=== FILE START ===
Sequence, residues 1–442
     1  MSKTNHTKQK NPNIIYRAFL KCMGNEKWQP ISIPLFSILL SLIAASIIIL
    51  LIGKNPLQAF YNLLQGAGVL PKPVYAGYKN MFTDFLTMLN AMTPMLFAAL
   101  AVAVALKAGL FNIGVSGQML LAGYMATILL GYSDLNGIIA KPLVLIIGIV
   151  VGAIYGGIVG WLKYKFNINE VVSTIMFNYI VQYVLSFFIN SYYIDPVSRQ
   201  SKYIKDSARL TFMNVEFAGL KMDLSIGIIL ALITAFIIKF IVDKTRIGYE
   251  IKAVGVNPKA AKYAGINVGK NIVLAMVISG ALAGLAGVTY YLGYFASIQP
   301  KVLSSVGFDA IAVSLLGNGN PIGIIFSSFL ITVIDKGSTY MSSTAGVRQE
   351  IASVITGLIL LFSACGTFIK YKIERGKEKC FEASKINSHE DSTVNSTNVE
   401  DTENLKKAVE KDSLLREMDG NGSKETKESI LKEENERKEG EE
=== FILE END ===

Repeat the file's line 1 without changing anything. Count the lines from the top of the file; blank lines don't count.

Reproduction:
Sequence, residues 1–442